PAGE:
A COVID-19 Education Pop-up Forum featuring Director of Policy Chris Spencer and other state education leaders on Monday highlighted the logistical challenges local school districts will face as they prepare to reopen schools on August 10.
The leaders discussed Gov. Ron DeSantis‘s plan to reopen schools and fielded questions about their ongoing efforts.
While the Governor’s plan provided some guidance to schools and districts, the forum accentuated how much freedom and cost is left with each respective institution on how they will protect students and staff.
“The recommendations that we rolled out last week were really meant to be locally driven,” said Florida Department of Education Chief of Staff Alex Kelly. “Every school district and every school is unique. We didn’t want to roll out a plan that was descriptive and said you must do these things. Rather, it was recognized that there’s going to be different strengths and weaknesses and opportunities, and, ultimately, each school and school district will need comprehensive plans to address its unique considerations.”
Sanitation materials and PPE supplies, particularly the costs, were the forefront of the forum for Hillsborough County Schools Superintendent Addison Davis.
From lysol wipes and soap to face masks, social distance strategies and daily screenings, the costs can quickly overwhelm school budgets.
“We would love to make certain that everyone had the necessary PPE that they need to feel comfortable,” Davis said. “But when you have 220,000 students, for us to buy a single day, single use mask for our children it would cost us $9 million dollars a month in order to do so.”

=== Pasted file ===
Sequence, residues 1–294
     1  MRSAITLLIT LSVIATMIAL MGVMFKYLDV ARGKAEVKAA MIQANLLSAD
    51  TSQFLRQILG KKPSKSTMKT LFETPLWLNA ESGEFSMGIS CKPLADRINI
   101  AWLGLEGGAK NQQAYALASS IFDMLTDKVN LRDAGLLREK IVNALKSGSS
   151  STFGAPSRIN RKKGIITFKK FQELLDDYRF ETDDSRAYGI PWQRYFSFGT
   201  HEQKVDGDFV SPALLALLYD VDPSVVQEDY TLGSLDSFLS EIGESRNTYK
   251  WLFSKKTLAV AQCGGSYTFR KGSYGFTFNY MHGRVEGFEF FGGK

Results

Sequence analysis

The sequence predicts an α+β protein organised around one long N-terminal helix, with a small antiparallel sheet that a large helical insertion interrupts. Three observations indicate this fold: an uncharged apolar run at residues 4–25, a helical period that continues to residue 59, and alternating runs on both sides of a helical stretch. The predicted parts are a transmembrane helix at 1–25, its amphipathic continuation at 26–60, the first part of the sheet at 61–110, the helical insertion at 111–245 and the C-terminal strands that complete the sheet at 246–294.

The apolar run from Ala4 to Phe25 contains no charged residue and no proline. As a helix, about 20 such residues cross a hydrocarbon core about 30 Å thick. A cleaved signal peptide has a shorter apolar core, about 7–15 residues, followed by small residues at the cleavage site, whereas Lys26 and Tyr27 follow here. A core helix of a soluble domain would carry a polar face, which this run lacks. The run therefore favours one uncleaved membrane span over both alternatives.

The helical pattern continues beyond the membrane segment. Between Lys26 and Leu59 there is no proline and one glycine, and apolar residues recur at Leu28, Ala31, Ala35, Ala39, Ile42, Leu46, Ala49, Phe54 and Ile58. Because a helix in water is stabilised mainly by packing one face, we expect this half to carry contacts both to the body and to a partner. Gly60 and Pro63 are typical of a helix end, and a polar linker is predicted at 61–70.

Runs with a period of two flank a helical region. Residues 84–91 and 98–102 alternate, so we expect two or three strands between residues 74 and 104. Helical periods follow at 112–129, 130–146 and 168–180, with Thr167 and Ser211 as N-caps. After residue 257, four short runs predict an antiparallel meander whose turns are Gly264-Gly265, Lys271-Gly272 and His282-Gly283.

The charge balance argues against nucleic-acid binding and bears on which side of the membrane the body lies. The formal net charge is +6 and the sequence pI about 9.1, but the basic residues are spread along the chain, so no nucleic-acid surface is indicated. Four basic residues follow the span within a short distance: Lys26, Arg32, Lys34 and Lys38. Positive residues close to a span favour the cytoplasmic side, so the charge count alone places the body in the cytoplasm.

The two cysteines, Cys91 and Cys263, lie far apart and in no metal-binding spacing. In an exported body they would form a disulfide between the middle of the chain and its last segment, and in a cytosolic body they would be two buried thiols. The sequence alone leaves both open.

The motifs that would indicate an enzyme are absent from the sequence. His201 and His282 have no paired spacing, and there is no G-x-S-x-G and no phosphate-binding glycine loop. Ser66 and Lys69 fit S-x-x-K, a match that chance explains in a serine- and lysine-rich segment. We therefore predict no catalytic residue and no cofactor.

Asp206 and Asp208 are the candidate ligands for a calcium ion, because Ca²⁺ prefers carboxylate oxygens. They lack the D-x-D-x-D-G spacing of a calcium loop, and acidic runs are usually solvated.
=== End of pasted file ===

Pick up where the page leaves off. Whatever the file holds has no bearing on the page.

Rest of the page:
Davis added, however, that employees will be provided reusable masks.
The Governor’s plan does not require students to wear face masks but students are encouraged to do so.
Transportation such as school buses also pose a challenge for school districts.
“As it relates to busses, we are going to give masks to every student that wants to ride the bus,” Davis said. “If we were going to practice social distancing with the number of students riding in Hillsborough County, we would have to purchase 2,000 additional busses and hire personnel. When you look at fuel, we’d have to spend $310 million a year in order to implement that.”
In the Governor’s plan, helping school districts and schools with logistical and fiscal challenges will be tasked to the Department of Emergency Management.
Spencer told leaders that the state recognizes the hurdles and aid will be assessed by particular cases.
“Its on a district by district need level on how much resources can a school district provide to be able to meet their needs and what kind of assistance they need from the state,” Spencer said.
“Its been a very challenging market throughout this whole period with substantial amounts of demand for PPE and for sanitation material. But our Division of Emergency Management has navigated through that. I think it’s very important to make sure there is a confidence level at the school level and at the district level that the state is here as a partner to make sure that every school has the resources they need and materials they need to be able to safely reopen.”
Reopening Florida schools will be funded in part by $2 billion received from the CARES Act.
The forum was hosted by Gray Robinson and moderated by President and CEO Dean Cannon and Senior Government Affairs Consultant Kim McDougal.